A d v e r t i s e m e n t

The legacy of secrecy — often for political or career reasons, depending on the individual, or for bureaucratic self-protection — continued throughout the sixties and seventies to the Church investigation. Some particularly flashy and sensational material on the larger issues was shared with the committee, garnering headlines. Elements of the Castro assassination plots like those ‘exploding cigars’ to be given to Fidel, for example, were divulged by the CIA to Church and were exposed with much fanfare. But the deeper concern of intensive Mafia participation in the anti-Castro plots was never fully investigated — not even by the later House Select Committee on Assassinations, and certainly not by the Church committee.

The back story is that from 1960 to 1963 Mafia participation in plots to assassinate Castro became, tragically for the United States, a powerful Mafia participation in plots to assassinate President Kennedy. The CIA picked up too lethal a tool in choosing the Mob to carry out its plans to remove Castro.

To this day, the general public — which never bought the ‘lone nut’ theory that the manipulated Lee Harvey Oswald, a beginning-level marksman, singlehandedly brought off the miracle shot of the assassination — still has not been permitted to know the full extent of the powerful arsenal of resources trained against President Kennedy by the wealthiest Mafia families in the U.S. Coordinated by Carlos Marcello, head of the oldest Mafia family in the U.S. (dating from the 19th century) and Gulf Coast kingpin in control of Louisiana and Texas, they had planned since 1962 to take out the Kennedy brothers — either Attorney General Robert Kennedy, aggressively pursuing the Mob, or, more effectively, the brother in the White House who had appointed him as AG. When John Kennedy came down South — as they had previously threatened — they took him out, having tried twice before in November 1963 to get JFK, once in Tampa and once in Chicago. The helpless Oswald — seen drinking a Coke in the Texas Book Depository two minutes after Kennedy’s murder — was then taken out himself, by heavily mob-connected ‘nightclub owner’ (actually, mob gnome) Jack Ruby, given basically full run of the Dallas police station. The general public has also not been permitted to know the full extent of Ruby’s Mafia involvement, despite hundreds of pages of information detailing his mob connections.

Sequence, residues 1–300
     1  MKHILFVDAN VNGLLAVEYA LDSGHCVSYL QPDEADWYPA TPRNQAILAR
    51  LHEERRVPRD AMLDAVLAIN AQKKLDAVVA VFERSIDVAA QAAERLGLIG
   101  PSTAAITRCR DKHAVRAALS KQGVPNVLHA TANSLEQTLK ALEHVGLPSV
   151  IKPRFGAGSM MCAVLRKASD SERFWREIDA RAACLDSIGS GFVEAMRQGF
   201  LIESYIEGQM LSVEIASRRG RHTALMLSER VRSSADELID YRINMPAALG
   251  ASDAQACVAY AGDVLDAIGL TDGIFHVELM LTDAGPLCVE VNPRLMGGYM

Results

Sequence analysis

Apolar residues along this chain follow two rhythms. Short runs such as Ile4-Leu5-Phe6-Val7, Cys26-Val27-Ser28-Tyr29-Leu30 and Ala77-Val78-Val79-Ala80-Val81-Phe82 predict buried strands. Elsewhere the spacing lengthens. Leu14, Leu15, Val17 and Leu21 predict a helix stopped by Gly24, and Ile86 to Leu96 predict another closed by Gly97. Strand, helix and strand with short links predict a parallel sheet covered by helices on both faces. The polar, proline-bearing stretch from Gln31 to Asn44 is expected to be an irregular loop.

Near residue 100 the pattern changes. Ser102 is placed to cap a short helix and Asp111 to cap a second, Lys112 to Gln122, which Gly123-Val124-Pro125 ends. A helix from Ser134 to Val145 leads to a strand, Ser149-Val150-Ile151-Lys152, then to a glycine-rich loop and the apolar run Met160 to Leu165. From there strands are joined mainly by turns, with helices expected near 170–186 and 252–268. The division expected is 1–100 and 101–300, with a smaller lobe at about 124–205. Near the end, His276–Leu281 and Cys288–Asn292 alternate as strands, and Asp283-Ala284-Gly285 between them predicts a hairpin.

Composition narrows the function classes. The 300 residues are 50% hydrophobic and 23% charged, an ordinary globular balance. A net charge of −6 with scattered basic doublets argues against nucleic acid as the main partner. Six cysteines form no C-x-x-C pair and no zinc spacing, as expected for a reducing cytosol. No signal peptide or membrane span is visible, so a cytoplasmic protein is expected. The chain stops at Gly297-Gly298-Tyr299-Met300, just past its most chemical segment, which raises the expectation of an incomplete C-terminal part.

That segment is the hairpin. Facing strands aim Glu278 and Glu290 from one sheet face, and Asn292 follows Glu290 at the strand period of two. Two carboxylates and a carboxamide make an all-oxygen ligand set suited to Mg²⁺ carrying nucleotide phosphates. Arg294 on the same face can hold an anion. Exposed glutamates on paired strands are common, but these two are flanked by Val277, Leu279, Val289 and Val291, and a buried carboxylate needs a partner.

One continuing consequence is the effect on U.S. relations with Cuba to this day, something Waldron and Hartmann deplore. As Waldron says, no national security reason justifies hiding the JFK assassination archives in the year 2009. Congress intended them to be revealed years ago; the Cuban official implicated in the anti-Castro plots — Almeida — has long since been outed and forgiven; and both the United States and Cuba would benefit from expanded trade and other relationships.